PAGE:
I've never really understood the appeal of labels and logos. Part of it is that when you get right down to it, I'm frugal (unless you ask my mom who'll tell you I'm cheap, and back it up with tales of unbroken twenties and moth-filled wallets, some of which may actually be true) and can't get my mind around the idea of paying a 300% premium for the privilege of wearing someone else's name across my butt. I'm a rarity though, as Dana Thomas tells us in Deluxe: How Luxury Lost Its Luster. Thomas traces luxury houses from their early years of hand-crafting beautiful luggage, clothing, and accessories for the very wealthy through their expansion into new markets in the 1980s, to their status as mall stalwarts earning profits on entry level products. Along the way, she stops for factory tours, a ride-along with a detective who specializes in busting counterfeiters, and a gossipy look into the world of celebrity stylists.
Luxury used to belong only to the wealthy - wealthy women ordered couture dresses and custom-made handbags. That was fine for small, family owned houses which took pride in their craftsmanship, but as the luxury companies merged into publicly-held groups, profits became more important. To keep up with the pressure from stockholders, brands initially expanded into emerging markets (especially Japan) and lower cost items such as perfume and accessories. The next step was to cut costs. Thomas mentions the move towards unlined items and one (unnamed) house which shortened the sleeves of their jackets by half an inch, saving thousands of dollars (a move which particularly bothers me, a 5'8" woman with very long arms). She also discusses outsourcing, a practice most houses try to hide, by placing the "made in China" label in an inconspicuous place or by emphasizing the European site at which the Asian-made parts were assembled. These sections poke a hole in the "I'm paying for quality" argument I sometimes hear from women carrying designer bags - the entry level bags are at least sometimes made in sweatshops and from substandard materials, just like the counterfeit versions and the no-name bags found in discount stores.
Thomas's book is more a collection of essays on related topics than a unified work, and the chapter on the rise of the Hollywood stylist was the most fun to read. Old Hollywood was a pretty, escapist, world where everyone wore evening dress and each studio employed stylists who not only designed gorgeous costumes but also dresses for stars to wear when they were nominally off-duty. As the studio system fell, and a more naturalistic style of film came into vogue, movie characters wore off-the-rack clothes and stars were on their own on the red carpet. Dressing movie characters in the sort of clothes their characters would wear in real life (no more picnicking in elaborate silk dresses) makes the movies more realistic, but also freed stars to indulge in tackiness. Stylists stepped in, saving stars from their baser tastes and the public from seeing a repeat of Kim Basinger's self-designed, one-armed 1990 Oscar gown. As stylists became more powerful, they began making demands on the houses, some of which were unreasonable and none of which were substantiated in the book. I understand that Thomas's sources for this chapter probably spoke off the record to preserve their own jobs, but they ring true, perhaps because I've seen so many beautiful stars wearing the wrong dress from a hot designer. The chartreuse dress Nicole Kidman wore to the Oscars in 1997 made her look seriously ill, and the dress as seriously ugly as Demi Moore's bicycle shorts from a few years earlier, and the only explanation I can think of for her wearing it was a backroom deal by her stylist.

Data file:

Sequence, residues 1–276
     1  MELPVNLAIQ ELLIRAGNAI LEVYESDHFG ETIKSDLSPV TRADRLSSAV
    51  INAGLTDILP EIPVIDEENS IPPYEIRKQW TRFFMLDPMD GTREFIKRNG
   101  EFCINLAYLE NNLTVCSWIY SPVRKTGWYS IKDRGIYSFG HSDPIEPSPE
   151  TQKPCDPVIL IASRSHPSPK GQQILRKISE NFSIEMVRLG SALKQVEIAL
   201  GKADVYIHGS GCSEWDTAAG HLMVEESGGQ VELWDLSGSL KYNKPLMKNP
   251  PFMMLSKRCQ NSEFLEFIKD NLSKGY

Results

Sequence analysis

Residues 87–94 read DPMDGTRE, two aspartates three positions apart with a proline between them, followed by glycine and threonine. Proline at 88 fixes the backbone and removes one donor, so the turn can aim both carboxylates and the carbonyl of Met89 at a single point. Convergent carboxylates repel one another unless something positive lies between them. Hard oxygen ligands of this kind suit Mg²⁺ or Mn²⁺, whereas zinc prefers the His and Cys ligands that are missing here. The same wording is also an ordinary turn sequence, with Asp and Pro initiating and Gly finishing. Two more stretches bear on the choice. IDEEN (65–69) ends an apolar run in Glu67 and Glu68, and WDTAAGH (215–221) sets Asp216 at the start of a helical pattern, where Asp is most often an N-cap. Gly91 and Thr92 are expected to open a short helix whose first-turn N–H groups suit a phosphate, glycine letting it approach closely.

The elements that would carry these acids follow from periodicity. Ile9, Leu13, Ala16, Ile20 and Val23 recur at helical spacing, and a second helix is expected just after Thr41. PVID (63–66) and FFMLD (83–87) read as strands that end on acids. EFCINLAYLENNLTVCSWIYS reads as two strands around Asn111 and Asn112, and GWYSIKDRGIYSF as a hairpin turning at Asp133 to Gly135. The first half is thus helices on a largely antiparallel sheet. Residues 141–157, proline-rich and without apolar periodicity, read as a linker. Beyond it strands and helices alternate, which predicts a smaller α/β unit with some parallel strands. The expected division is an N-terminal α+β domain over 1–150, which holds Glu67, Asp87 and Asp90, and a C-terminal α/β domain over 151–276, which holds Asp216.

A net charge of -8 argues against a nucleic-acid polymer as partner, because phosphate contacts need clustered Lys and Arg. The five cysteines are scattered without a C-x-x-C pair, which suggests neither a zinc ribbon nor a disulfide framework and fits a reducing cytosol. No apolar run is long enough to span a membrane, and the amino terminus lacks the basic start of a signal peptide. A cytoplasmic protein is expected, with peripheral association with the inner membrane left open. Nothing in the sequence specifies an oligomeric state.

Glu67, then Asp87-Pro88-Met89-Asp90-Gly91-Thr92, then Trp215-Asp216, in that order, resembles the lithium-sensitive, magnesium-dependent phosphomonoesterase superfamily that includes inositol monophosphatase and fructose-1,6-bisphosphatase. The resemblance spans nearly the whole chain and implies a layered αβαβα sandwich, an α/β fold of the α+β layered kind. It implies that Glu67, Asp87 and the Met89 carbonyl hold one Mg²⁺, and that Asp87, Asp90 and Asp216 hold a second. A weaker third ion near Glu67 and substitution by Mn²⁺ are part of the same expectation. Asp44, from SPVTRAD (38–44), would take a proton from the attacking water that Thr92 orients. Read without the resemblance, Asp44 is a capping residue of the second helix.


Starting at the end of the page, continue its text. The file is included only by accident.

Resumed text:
I enjoyed Deluxe, but for the most part it confirmed what I knew or suspected. Luxury brands are no longer a sign of high quality but a public badge consumers wear to say "I've arrived" or a marketing-driven indulgence. A complex web of advertising and product placement has convinced us that a pair of Jimmy Choo shoes or an Armani dress or a Vuitton bag are necessary indulgences, or at least of higher value than a similar item with a less prestigious name.
Wearing a logo means you've won the economic game when Deluxe was published in 2007, but does that still apply? As I read, I felt the ghost of the Great Recession - are consumers as willing to spend for a name without a clear increase in quality? Is shopping still a hobby, and if not, will it become one again in the future? How many of the women who bought a new 'it' bag every season have had economic setbacks and look at the shelf full of designer accessories with regret? Entertaining and well-written, Deluxe, may have profiled the final days of a label obsessed society.